An effective CNA will need strong interpersonal skills. Some of the most important skills for a CNA to master include:

  • Charisma and communication: As a CNA, you’ll work with patients on an intimate and personal level and should feel comfortable communicating with them about a wide range of topics concerning their care. Additionally, as a CNA, you’ll act as a communication link between the patients and registered nurses.

  • Clinical knowledge: CNAs must maintain a comprehensive knowledge of their industry. A CNA must possess in-depth knowledge of current patient care techniques and clinical theories.

  • Empathy: Your patients may become nervous or anxious if they don’t know what to expect, so you should remain empathetic with each patient to more easily understand their perspectives. Your empathy can help them feel safe and understood regarding their concerns.

  • Emotional intelligence: You’ll need strong emotional intelligence to excel as a CNA. Patients may sometimes need extra assistance or demonstrate substantial behavioral changes. With developed emotional intelligence, you can more easily understand why these changes may happen and respond to them appropriately.

CNA work environment

CNAs work in general hospitals, clinics and nursing homes. Because patients in these organizations require treatment and care day and night, CNAs tend to work long shifts that can fall during any hours. CNAs may work holidays or weekends. CNAs spend most of their working day moving around their workplace between patients and running standard diagnostics and helping patients with their daily routines. CNAs typically work with the same patients for longer periods of time, but this is not always the case.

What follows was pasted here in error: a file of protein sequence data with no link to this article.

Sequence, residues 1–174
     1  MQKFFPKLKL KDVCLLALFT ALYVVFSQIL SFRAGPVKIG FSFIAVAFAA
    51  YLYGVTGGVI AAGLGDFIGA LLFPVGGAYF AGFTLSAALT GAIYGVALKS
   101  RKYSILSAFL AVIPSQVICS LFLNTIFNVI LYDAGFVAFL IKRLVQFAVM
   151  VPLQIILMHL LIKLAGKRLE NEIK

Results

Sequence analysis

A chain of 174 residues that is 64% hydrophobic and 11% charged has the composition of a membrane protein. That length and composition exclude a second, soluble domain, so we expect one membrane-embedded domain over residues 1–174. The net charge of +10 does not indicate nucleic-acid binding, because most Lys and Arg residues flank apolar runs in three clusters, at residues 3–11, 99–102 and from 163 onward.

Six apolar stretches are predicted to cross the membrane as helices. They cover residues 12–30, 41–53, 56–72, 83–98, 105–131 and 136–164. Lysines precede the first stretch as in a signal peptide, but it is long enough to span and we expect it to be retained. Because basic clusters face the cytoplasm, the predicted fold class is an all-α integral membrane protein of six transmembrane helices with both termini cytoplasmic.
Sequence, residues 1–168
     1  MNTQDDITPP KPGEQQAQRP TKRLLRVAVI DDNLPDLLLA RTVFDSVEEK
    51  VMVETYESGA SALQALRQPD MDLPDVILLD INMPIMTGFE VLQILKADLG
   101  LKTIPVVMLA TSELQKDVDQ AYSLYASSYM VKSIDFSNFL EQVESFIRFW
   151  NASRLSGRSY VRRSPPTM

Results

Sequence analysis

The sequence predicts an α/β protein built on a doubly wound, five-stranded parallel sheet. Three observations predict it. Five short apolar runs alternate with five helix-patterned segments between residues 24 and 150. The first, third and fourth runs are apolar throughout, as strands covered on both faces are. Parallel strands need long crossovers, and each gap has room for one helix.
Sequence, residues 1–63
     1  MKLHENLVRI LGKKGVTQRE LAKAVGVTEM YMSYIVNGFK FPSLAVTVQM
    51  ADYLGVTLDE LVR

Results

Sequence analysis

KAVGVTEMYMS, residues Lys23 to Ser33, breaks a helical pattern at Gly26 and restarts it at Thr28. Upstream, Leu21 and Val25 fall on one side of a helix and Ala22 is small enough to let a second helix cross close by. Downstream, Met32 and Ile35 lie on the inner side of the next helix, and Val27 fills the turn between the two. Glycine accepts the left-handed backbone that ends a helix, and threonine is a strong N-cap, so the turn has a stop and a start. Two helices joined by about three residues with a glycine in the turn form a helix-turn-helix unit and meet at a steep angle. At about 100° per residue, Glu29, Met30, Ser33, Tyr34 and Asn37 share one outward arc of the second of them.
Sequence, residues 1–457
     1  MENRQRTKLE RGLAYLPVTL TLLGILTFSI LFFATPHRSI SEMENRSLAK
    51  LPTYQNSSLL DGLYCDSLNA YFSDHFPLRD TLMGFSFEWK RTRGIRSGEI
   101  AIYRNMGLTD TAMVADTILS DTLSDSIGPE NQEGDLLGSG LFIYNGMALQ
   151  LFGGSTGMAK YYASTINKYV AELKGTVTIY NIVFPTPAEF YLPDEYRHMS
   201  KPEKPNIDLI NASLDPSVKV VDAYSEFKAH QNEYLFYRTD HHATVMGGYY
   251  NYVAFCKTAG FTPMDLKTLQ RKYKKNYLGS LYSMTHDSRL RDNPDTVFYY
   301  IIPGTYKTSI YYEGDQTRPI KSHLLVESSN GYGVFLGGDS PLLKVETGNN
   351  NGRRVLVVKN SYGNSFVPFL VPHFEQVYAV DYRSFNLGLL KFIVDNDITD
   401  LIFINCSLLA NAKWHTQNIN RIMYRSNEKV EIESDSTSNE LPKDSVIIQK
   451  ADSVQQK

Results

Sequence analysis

How to become a CNA

You can follow these general steps to become a CNA:

  1. Earn a high school diploma or an equivalent. Becoming a CNA requires you to first obtain either a high school diploma or GED.

  2. Learn your state’s requirements for becoming a certified nursing assistant. Every state has specific requirements for individuals looking to become CNAs. These requirements usually involve a period of nursing training at an accredited nursing school and a CNA examination, but the requirements may be more involved depending on your state.

  3. Undergo nursing assistant training. CNAs are required to undergo nursing assistant training from an accredited nursing school. These training programs tend to last between four to 12 weeks, usually dividing time between classroom lectures and practical clinical training.

  4. Pass the CNA certification examination. You will need to pass the CNA certification exam before beginning work. The exam has a clinical portion and a written portion and may typically be retaken any number of times in the event an individual finds it to be a challenge.

  5. Advance your nursing career. After you’ve started your career as a CNA, you may want to advance in the field of nursing. As a CNA, you will be able to more easily get into professional nursing programs to help move along your position. You may choose to pursue a professional degree to become a registered nurse or a licensing practical nurse.

CNA job description example

Caring Hearts Nursing Home in Hoboken is looking to hire a new CNA to join our staff. The perfect candidate will be dedicated to helping people through some of the most challenging health crises of their lives. You should be comfortable forming bonds with your patients and helping them with their meals, clothes and bedpans as needed. You will record vital information on each of your patients each day for nurses and physicians to have more accurate information on your patients. All applicants must be certified as a CNA within the state of New Jersey and at least two years of prior nursing experience is preferred.